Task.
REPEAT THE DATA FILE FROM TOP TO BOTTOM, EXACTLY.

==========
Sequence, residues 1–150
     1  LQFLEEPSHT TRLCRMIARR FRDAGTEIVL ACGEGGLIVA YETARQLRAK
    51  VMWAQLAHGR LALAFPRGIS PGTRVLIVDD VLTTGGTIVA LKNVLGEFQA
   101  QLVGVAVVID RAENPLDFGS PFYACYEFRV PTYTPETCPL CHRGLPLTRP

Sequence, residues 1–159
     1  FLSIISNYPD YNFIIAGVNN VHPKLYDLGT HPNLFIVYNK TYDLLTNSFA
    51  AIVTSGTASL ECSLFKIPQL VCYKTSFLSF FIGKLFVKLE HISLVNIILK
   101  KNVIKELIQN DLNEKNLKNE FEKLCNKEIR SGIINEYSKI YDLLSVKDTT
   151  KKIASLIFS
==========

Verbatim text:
Sequence, residues 1–150
     1  LQFLEEPSHT TRLCRMIARR FRDAGTEIVL ACGEGGLIVA YETARQLRAK
    51  VMWAQLAHGR LALAFPRGIS PGTRVLIVDD VLTTGGTIVA LKNVLGEFQA
   101  QLVGVAVVID RAENPLDFGS PFYACYEFRV PTYTPETCPL CHRGLPLTRP

Sequence, residues 1–159
     1  FLSIISNYPD YNFIIAGVNN VHPKLYDLGT HPNLFIVYNK TYDLLTNSFA
    51  AIVTSGTASL ECSLFKIPQL VCYKTSFLSF FIGKLFVKLE HISLVNIILK
   101  KNVIKELIQN DLNEKNLKNE FEKLCNKEIR SGIINEYSKI YDLLSVKDTT
   151  KKIASLIFS